Adapting Art at the Start

26 May 2020

Art at the Start is a collaborative PhD between our Learning team and the University of Dundee's Psychology department that asks the question of 'what happens when we make art together?'. The research, carried out by Art Psychotherapist Vicky Armstrong, includes messy play sessions at DCA and art therapy in the community, but when lockdown came into effect these could no longer go ahead. We caught up with Vicky to find out how Art at the Start has adapted to the current circumstances...

Hi Vicky, can you explain a bit more about Art at the Start?

Art at the Start is a collaboration between DCA and the Psychology department at University of Dundee. We are exploring art making with the very youngest children and the benefits of shared art making for little ones together with their primary caregivers. We have been looking at the impact of public participative arts, like the messy play sessions run at DCA, and also at the changes we can make through art therapy sessions that offer more support for parents and little ones who might be struggling or have low wellbeing. We think both kinds of art making can help little ones' development of their sense of self, and can improve their relationship to their caregiver through the feeling of positive connection during creative play.

"We have been posting regular art and sensory play ideas on our website"


How have you adapted the project under lockdown?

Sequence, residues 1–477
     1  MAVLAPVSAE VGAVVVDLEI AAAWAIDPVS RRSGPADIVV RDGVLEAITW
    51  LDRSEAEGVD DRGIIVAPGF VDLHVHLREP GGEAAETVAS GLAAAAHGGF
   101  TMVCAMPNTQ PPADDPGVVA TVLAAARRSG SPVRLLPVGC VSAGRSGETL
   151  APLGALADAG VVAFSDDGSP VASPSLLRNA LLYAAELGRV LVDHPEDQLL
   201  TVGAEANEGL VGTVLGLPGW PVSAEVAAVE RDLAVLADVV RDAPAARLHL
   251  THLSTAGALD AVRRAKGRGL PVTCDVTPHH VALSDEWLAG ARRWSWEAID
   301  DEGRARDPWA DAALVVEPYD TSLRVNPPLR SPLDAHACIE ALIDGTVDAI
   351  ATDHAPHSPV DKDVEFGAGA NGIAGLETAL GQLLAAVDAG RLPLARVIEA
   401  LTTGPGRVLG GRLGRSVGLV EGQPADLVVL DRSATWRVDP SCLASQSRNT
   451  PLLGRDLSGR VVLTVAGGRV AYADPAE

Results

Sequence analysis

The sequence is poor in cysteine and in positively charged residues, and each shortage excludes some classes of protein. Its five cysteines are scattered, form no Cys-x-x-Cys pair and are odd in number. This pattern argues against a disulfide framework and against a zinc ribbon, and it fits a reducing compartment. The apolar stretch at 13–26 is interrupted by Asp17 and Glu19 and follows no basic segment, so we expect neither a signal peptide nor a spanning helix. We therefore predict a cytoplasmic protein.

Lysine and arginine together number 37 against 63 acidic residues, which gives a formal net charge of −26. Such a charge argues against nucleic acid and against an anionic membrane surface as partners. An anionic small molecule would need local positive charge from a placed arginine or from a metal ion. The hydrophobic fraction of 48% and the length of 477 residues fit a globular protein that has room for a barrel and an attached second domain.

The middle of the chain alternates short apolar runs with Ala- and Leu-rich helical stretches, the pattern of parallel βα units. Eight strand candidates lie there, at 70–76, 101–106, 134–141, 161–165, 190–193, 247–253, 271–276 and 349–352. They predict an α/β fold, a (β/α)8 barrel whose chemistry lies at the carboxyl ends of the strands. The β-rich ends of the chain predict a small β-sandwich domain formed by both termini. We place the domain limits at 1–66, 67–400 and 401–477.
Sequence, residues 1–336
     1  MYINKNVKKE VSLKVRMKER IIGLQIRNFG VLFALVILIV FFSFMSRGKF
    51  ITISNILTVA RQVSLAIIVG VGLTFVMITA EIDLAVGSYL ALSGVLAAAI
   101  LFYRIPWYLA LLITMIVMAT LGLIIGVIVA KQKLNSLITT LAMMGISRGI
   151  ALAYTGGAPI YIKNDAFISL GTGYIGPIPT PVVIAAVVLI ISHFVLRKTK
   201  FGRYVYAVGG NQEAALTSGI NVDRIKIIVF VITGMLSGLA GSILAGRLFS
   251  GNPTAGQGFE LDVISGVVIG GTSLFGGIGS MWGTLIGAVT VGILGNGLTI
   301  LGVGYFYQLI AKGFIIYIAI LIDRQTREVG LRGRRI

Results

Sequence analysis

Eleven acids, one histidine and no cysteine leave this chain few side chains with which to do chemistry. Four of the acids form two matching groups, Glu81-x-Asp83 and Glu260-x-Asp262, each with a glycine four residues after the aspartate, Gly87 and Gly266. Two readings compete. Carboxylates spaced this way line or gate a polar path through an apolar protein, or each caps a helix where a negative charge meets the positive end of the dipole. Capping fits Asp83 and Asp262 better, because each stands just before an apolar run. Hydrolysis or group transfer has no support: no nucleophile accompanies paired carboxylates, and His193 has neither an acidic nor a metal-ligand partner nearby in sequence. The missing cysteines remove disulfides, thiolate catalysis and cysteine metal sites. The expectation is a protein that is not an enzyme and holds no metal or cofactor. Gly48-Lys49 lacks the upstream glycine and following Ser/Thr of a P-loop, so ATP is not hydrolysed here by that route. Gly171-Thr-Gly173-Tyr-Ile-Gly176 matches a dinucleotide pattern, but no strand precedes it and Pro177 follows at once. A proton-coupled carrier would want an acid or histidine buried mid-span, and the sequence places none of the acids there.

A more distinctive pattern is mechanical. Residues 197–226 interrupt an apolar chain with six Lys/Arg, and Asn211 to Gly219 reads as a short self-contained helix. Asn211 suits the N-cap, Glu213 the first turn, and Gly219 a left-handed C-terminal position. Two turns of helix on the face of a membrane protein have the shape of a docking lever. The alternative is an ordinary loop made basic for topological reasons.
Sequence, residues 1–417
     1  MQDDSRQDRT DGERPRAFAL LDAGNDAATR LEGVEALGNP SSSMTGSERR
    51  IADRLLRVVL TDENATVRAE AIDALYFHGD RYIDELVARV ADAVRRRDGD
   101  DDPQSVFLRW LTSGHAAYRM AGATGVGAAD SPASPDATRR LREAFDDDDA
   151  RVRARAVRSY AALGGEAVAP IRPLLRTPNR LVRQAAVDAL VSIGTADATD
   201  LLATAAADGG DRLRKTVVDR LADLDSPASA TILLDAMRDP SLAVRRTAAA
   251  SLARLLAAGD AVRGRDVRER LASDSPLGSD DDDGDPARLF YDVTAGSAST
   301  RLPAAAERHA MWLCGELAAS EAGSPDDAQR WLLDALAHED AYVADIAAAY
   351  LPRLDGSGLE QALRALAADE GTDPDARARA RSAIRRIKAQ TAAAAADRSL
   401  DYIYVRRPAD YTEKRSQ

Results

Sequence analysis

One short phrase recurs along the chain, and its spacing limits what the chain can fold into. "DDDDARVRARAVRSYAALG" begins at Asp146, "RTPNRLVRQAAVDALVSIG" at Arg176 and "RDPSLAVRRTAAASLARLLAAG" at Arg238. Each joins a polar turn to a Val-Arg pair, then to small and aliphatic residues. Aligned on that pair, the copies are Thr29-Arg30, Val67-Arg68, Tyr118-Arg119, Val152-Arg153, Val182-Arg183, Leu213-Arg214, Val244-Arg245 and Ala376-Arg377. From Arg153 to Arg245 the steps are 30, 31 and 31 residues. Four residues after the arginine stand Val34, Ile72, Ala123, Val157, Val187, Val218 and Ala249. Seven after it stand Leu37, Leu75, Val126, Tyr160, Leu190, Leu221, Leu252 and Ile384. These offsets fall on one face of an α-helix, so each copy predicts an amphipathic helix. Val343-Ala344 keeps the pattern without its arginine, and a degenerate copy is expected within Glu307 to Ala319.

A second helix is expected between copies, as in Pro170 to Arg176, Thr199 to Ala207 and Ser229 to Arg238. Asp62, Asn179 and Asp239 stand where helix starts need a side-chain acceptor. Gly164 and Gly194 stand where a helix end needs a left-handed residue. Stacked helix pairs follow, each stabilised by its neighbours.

We have been posting regular art and sensory play ideas on our website and social media to give all families some ideas. This has involved my children acting as guinea pigs and doing lots of art at home so we can get photos of all the activities for families to follow along. I don’t think they mind though! We have even roped in a few friends with smaller babies to try things and send us pictures. We are focusing on things which are easy to do at home with limited resources and that will encourage creative exploration and positive time together.

We were due to be running several new blocks of art therapy sessions at DCA and in the community but obviously these all had to be cancelled. In order to support those parents and give them fun activities to do with their wee ones at home we diverted some funding into providing home art boxes for all the parents we were due to work with. These packs include lots of baby friendly art materials and a booklet of ideas for activities to try together.

We are really hoping to expand the home art boxes to include more families as we have had really positive feedback about them. We know lots of families might find it difficult to get hold of art materials at this time and might be looking for some more help with ideas to try at home. Art can be such a useful way to relax in a stressful situation like this and to focus on doing something creative and playful as a family.

"Art can be such a useful way to relax in a stressful situation like this..."


What are some of the benefits of making art?

We have found that making art together is beneficial for both wee ones and parents. It is a lovely way to feel connected to each other and it gives a focus for lots of shared looking and shared goals which we know are good for helping infants feel attuned to their primary carers. This shared experience is good for infants’ attachments and wellbeing but has also been shown to improve the parents’ feelings of wellbeing. In terms of brain development, art making allows little ones to have lots of new sensory experiences with different textures and colours, it lets them practice new motor skills, and also lets them see that they are able to make change in the world as they make marks and colours. This builds their sense of agency and their sense of self.

You've been delivering boxes of art supplies to families in Dundee, continuing your work with Home-Start. What impact have these had?